19:54 GMT05 August 2020
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    Heightened levels of radioactive isotope Iodine-131, hovering near the Arctic Circle and spreading into Europe, have sparked multiple conspiracy theories. It turns out the truth was probably more trivial.

    After monitoring stations in northern Europe detected an unexplained increase in radiation levels, media outlets were abuzz with possible explanations of what caused it. One of the most popular theories held that the Russians conducted a secret nuclear test not too far from their border with Norway. Thus, the Scandinavian country was the first to detect it. Another scare that circulated maintained that a European nuclear power plants had leaked Iodine-131, contributing to elevated levels of radiation. 

    However, both theories were debunked by scientists after probing traces of the isotope found across Europe. A number of reasons contribute to the argument that the isotope was not from nuclear weapons testing. There was no seismic boom accompanying the radiation. The iodine-131 isotope was the only radioactive isotope involved in the incident, according to Norway’s Radiation Protection Authority (NRPA). A nuclear test would have left traces of other radioactive isotopes as well. "Since only Iodine-131 was measured, and no other radioactive substances, we think it originates from a pharmaceutical company producing radioactive drugs," NRPA told Motherboard. The radionuclide is used in cancer treatments, NRPA added.

    According to French officials who have taken over the reigns of the investigation, nuclear-power facilities have been ruled out as possible source for the radiation, Euractiv reported. "We have only detected iodine," said Jean-Christophe Gariel of the Institute for Radiological Protection and Nuclear Safety. "If there had been an accident like the ones in Fukushima," Gariel said, "we would have had leaks of other substances, like caesium."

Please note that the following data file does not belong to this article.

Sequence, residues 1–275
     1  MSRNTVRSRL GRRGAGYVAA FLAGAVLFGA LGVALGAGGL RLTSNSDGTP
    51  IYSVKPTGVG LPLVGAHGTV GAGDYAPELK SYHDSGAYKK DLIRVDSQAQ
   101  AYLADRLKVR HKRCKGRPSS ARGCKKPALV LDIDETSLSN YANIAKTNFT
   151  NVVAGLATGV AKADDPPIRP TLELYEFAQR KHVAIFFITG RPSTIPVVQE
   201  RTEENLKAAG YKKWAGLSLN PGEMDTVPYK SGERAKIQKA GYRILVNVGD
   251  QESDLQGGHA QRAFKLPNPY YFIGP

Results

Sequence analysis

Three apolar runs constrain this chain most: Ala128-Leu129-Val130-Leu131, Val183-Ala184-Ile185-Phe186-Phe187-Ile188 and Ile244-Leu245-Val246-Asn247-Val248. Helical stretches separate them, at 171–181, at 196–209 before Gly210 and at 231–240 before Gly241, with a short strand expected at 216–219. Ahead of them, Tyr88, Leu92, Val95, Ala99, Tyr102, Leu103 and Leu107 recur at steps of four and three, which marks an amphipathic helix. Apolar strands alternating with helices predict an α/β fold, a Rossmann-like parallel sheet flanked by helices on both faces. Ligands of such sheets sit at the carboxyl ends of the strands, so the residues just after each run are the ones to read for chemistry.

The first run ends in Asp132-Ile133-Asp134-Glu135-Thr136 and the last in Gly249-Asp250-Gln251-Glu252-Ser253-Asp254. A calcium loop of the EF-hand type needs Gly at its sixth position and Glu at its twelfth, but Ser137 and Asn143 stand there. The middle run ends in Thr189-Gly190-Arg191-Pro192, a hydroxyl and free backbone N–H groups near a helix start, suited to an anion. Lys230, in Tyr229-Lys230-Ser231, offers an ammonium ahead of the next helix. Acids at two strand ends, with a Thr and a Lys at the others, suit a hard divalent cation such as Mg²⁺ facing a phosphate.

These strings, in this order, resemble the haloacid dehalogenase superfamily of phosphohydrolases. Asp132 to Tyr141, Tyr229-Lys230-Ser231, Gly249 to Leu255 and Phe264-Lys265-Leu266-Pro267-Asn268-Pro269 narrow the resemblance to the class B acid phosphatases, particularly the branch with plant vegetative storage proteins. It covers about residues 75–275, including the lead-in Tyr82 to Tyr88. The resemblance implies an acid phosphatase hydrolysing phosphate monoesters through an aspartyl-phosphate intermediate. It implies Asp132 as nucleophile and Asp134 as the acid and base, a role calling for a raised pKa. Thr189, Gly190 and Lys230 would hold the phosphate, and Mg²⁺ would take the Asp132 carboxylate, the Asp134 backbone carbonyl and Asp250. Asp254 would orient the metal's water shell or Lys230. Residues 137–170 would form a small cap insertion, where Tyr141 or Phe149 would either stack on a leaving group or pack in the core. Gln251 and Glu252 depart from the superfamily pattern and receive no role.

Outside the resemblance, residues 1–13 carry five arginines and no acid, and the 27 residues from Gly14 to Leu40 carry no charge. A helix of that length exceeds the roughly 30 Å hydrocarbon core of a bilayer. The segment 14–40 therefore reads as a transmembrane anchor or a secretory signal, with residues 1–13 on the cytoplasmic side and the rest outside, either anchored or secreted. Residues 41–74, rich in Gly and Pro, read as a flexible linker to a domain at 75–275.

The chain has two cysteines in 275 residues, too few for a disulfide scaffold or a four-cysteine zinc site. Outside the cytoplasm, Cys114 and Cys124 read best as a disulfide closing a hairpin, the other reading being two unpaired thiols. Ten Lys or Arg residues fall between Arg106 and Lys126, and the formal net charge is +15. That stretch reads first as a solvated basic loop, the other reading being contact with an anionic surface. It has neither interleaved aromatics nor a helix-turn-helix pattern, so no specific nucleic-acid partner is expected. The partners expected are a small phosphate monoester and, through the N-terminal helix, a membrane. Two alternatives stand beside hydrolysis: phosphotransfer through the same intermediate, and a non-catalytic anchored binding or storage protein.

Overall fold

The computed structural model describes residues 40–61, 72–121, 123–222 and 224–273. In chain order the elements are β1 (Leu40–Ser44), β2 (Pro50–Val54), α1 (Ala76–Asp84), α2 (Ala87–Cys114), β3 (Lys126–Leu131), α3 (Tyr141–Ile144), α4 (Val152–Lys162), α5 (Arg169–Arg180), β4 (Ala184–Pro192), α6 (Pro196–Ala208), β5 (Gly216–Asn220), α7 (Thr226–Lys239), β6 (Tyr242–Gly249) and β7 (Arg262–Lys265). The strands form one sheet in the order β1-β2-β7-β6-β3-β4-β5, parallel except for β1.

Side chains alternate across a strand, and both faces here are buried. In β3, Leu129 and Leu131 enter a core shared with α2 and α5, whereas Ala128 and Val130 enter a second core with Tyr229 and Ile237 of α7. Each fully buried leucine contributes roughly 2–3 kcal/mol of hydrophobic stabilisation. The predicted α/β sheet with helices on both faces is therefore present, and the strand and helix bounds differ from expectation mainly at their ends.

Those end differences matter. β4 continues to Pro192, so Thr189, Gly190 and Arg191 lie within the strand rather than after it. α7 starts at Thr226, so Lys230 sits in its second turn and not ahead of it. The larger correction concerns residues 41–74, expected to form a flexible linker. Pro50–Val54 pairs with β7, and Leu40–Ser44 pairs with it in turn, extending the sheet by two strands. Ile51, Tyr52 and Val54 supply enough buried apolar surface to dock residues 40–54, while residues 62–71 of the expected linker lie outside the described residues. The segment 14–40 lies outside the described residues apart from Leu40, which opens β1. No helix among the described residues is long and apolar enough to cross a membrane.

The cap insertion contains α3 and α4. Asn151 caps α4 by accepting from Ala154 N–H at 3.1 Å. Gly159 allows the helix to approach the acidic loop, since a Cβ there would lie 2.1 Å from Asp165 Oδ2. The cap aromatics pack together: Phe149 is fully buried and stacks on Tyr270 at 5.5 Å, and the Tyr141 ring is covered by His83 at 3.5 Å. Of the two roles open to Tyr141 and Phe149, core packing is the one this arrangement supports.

The isotope was first detected from the Arctic Circle and then later observed in trace levels over Finland, Poland, Germany, France and Spain. "I can assure you that the levels are low," a spokesperson  with the NRPA said. 

    At one point, the US Air Force sent an airborne nuclear ‘sniffer’ to the region to examine the radioactivity levels, the Aviationist reported. The half-life of the isotope is a mere eight days, and officials have said that the levels present in the atmosphere present virtually zero risk to human health. According to Euractiv, a similar radioactive isotope was released from Budapest "legally and harmlessly" in 2011. Officials believe the source originated in Eastern Europe, but have not reached a final conclusion. 


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    conspiracy, radioactive, Norway Radiation Protection Authority, Jean-Christophe Gariel, Budapest, Arctic Circle, France, Russia, Norway
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